We chose a delightful, book-oriented curriculum called Five in a Row. It's funny...when I began researching homeschooling a year ago (has it really been that long?!?), I would never have considered this unit study method as a good way to learn. That's because I have been indoctrinated into thinking that learning happens ONE way: in a classroom, with a usually over-dry textbook that's organized into units and chapters, and occasional hands-on experiences that are...sort of relevant to what the textbook was talking about. In my opinion, this is not a natural way for very young children to learn, and it isn't prone to encourage a love of learning.
After speaking with several families who are using/have used Five in a Row (or FIAR)--and speaking to their very intelligent, thoughtful, and fun-loving children--my perception of unit studies completely changed. It just makes so much more sense to tie the subjects together to a common theme, because this is more of the way real life works. And the really cool part? These kids remember what the learned. They retained it, and they ENJOYED learning about it all. Well, that was the kicker for me.
So we began our first unit study this week, which was, happily, a book that I remember fondly from my childhood--the curriculum has quite a few books in it that I read and enjoyed as a child. The stories are all of good-quality children's literature, not fluff books like Sandra Boynton or picture books (not that those kinds of books aren't valuable--we have ALL of Sandra Boynton's books and love them. But the FIAR series uses books that have a lot more "meat" to them.)
Unit Study Title: "The Story About Ping"
Author: Marjorie Flack
Illustrator: Kurt Wiese
Monday: Social Studies
- Located China on the world map, placed our "Ping" story disk on China
- Discussed cultural differences between Chinese and Americans: Food, family living, traditional dress, etc.
- Visited the library and checked out children's fact books and picture books of China, the Yangtze River, and ducks
Tuesday: Language Arts, Music
Literature, Fiction, Literary Devices: Repetition
- Discussed how the author uses repetition to make parts of the story stick out
- Discussed quotation marks and why they are used in books and stories
- Violin lesson
Wednesday: Applied Math
Counting, classification, introduction to multiples
- Using homemade cards, counted all of the ducks in Pings family (including Ping himself!) that live on the "wise-eyed boat on the Yangtze river." (There are 68 ducks.)
- Classified all the family members into groups
- Set up Ping's 42 cousins on a graph to show multiples of 10 (with a remainder of 2)
Thursday: Art, Music, Co-op Preschool
Medium, drawing water
- Discussed the medium that the illustrator chose
- Talked about how illustrator showed different expressions on the animals' and peoples' faces by changing the lines ever so slightly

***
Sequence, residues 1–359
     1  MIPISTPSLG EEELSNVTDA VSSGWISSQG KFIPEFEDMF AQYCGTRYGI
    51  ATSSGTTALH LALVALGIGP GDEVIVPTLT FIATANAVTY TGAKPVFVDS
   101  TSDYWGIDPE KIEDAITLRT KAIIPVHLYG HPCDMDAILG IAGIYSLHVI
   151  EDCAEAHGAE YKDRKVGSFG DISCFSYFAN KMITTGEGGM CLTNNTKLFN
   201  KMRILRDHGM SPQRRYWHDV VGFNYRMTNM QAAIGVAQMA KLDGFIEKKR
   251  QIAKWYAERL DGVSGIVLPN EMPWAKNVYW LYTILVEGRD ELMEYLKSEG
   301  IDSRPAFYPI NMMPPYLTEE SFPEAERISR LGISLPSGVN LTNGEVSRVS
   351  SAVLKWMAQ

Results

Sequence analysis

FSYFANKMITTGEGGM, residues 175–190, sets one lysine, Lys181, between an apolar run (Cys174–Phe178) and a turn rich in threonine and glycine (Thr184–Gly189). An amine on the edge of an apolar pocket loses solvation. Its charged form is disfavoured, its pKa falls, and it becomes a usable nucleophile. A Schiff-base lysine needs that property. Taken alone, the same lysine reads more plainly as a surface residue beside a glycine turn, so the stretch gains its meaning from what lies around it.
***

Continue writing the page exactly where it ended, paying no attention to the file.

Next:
- Drew our own renditions of Ping and his family
- Returned to our beloved Music Together class for the first week of the fall semester. Bonus: This semester's Music Together CD theme is Fiddles! :-) We like fiddles in our family.
- Attended our first class at our homeschool co-op, geared especially towards preschoolers! The class is called "All of God's Creatures." Today we discussed how to classify mammals. Then we talked about how bears are mammals. Made a craft--bear paper bag puppets--had a teddy bear parade (the girls were excited because their teddy bears were "starting school" as well), and did a finger play with Eric Carle's "Brown Bear, Brown Bear, What do You See."
Friday: Science, Social Studies
- Visited the Franklin Cider Mill* to observe ducks. Discussed the 3 kind of ways ducks can get around: Walking, swimming, and flying. (Most animals cannot do all three!) Fed the ducks and observed how they "stretch" by standing upright and flapping their wings. Discussed how to tell the difference between a male and female Mallard duck.
- Serendipity lesson! Got to watch the cider press in use. Stayed there to watch for a solid 20 minutes at Liesl's request.
- Visited a Chinese restaurant to talk to the hostess for a few minutes--learned to say "thank you" in Chinese ("xie xie ni".) Ate cashew chicken and rice for lunch (at home: Mommy wasn't quite brave enough for the restaurant.) Everybody used chopsticks. I ate my entire meal with chopsticks, and, watching me, Ava made a very studious and whole-hearted attempt at them. She was successful in her own way.
* Ok, I'd be lying by omission if I didn't fess up to buying cider and donuts. But to my surprise, the girls weren't overly focused on that and stayed with the ducks for a solid 30 minutes before we went and bought our cider and donuts. Really. I was surprised. (Because *I* wanted the #$*&@ donuts.)
All in all, the first week showed me that my plans and my preconceived notions about how my kids learn will need tweaking. But snuggling up to read the story together each day, and then moving on to a loosely-structured lesson that connected to the story--I can see why this method and curriculum are so popular.
First day of school picture! 9-14-09
Done! This lesson actually lasted a solid 45 minutes...at Liesl's request. Ava had her own set of counting cards, slightly larger, with her name on them instead of family classifications.
Teddy bear puppet craft
Half-eaten donut on the left is mine.
Those ducks are really